Review of From the Shadows by Them Guns

By Octavio Ramos Jr.

Established in 2013, California’s Them Guns is rereleasing its full-length studio CD, one titles From the Shadows, thanks to TLG and Ingrooves. Blurring the lines of genres such as electronica, dance groove, gothic rock, and modern pop music, Them Guns forges its own distinct vibe that should satisfy modern audiences and attract some old-school curmudgeons.

The 12-track CD sure lives up to its name. Dark and yet playful, the music and lyrics on here weave shadow-laden tales that bring out the grotesque but also provide speckles of lighted hope. It’s an interesting mix, walking the line of gothic sensibilities with pop rock, but man does it work for Them Guns.

Musically, the band uses its rhythm section to set the groove of each song. Bassist Chuck Holiday and Drummer Chris Hudson tap into the vibes of electronic and goth to establish a restrained backbeat, with Hudson’s percussion relying on driving beats underscored by the catchy bass licks of Holiday. Guitarist Navarone Garibaldi and keyboardist Kyle Hamood are out front, with guitar riffs playing off keyboard pieces and vice versa. The guitars tend to have a hardened edge, enabling the keys and synthesizers to be softer and melodic. However, the combined result is right out of pop music, only darker. It’s an interesting sound.

Garibaldi also tackles the lead vocals, with backing vocals courtesy of Holiday. Garibaldi has his vocals on point, using a comforting croon that hints at both pop and goth. There’s a hint of sadness in his delivery, but it is never maudlin. Instead, there’s always a hint of playfulness in his approach, one complemented by the guitar hooks and the keyboards.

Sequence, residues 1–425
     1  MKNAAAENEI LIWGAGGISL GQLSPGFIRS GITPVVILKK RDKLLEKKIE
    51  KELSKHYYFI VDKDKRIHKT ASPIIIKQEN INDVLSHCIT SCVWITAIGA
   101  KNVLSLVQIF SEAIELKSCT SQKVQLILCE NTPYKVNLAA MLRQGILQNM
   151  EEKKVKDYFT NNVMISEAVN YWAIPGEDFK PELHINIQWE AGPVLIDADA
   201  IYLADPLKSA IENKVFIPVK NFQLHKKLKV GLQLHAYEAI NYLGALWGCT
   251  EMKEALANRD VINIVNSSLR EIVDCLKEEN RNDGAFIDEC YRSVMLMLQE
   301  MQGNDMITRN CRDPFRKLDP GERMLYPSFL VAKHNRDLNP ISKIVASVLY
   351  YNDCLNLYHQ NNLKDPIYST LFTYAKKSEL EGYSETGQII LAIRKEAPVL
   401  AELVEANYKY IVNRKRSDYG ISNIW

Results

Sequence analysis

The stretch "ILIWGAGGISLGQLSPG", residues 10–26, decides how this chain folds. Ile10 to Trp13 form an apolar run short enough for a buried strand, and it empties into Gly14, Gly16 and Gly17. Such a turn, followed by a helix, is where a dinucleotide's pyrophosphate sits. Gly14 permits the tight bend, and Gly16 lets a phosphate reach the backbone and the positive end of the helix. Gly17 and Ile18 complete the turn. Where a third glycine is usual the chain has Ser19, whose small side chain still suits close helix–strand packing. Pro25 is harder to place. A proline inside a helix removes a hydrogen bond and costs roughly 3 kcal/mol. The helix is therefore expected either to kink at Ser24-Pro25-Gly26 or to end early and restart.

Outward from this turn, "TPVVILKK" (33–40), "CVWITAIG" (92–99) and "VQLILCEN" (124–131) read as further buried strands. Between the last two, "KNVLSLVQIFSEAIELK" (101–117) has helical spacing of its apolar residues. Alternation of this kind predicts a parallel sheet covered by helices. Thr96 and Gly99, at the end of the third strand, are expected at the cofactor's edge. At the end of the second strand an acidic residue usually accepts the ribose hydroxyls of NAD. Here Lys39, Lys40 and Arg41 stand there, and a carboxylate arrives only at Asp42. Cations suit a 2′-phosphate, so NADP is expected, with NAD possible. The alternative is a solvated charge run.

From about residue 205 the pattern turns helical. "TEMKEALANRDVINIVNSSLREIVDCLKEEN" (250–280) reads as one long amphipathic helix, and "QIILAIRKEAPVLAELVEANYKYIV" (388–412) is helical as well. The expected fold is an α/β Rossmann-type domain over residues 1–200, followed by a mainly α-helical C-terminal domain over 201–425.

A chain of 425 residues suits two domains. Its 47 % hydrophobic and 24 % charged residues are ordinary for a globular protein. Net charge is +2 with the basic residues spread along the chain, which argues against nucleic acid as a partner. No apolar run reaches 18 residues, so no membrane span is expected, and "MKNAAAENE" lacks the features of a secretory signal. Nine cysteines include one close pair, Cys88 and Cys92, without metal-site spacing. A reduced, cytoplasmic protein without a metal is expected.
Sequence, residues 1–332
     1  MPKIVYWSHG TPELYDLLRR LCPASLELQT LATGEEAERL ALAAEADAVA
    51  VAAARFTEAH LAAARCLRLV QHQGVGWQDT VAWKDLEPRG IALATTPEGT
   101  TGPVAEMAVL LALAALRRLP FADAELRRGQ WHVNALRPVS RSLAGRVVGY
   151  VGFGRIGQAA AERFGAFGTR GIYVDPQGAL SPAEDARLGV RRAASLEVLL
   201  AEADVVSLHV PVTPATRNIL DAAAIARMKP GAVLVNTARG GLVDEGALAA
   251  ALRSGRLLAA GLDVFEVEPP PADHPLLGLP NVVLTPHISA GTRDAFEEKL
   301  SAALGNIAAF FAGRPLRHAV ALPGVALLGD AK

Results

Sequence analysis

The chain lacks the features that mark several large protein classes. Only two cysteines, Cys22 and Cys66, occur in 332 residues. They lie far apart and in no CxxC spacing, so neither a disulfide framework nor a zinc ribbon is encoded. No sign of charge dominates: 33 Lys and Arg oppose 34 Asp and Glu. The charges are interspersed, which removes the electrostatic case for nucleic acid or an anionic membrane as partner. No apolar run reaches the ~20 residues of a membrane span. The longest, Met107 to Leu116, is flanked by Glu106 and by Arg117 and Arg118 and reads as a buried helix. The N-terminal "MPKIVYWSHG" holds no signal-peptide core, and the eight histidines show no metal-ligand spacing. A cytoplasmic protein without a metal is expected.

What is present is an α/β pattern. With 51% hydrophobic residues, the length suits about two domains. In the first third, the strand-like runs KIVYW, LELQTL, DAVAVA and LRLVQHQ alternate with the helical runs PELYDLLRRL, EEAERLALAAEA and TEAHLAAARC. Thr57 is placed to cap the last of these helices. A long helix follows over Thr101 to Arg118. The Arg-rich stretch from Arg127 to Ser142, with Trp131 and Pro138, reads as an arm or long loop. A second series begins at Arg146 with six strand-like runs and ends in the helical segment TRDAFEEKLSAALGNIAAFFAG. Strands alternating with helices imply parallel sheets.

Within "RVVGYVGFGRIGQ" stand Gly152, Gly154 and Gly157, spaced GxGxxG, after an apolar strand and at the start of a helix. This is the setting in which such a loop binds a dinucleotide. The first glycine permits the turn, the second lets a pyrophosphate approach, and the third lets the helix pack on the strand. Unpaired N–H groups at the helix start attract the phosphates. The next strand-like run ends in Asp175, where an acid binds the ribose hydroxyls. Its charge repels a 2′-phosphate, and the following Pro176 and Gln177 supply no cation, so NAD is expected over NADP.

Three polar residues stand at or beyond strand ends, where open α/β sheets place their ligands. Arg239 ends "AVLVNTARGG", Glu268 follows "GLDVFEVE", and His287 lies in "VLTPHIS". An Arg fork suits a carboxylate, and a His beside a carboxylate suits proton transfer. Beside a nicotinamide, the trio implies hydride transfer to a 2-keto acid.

Lyrically, the band enjoys staying in the shadows, tapping into the worries and angst of teens but always with a dash of sober advice. Hence, there’s the opening track, “Everybody Bleeds,” which warns about the dangers of abdicating freedoms (“It’s only work and no more fun/Then they come to take them guns”) and the sobering consequences of those who say one thing and mean another (“Listen, girls, I’d like to say/If I tell the truth, I’m taking it away”). The gothic tracks are a welcome sound, with songs like “Close your Eyes,” “Devil’s Eye,” and “Muffins” amping up the pop sensibilities to ironically mask haunted and pain-saturated feelings found in the lyrics.

Other tracks delve deeper into electronica with a distinct dance vibe, such as “Horoscope,” “Lost Boys,” and “Hand Me Your Heart,” with special effects even tainting Garibaldi’s vocals. Even in these songs the band taps into the darkness when it comes to the words, but the music provides an upbeat sound with electronica serving as its base.

A possible third vibe is a mix of electronica, goth, and rock. This sound comes through on songs like “The Right Way to do Wrong,” “The Rise,” and “Heard it all Before,” with all three genres mixed in a cauldron that creates a catchy vibe, danceable beats, and just enough angst to make those into the words think about stuff for a while.

Fans of electronica, gothic rock, and pop rock should check out From the Shadows from Them Guns. The cross-pollination of genres is a welcome surprise, and the talent behind the instrumentation and words comes through, despite the easy access to the pop structures. Yeah, you can dance to it, but you can also just sit back and let the words do their thing while your eyes are wide shut.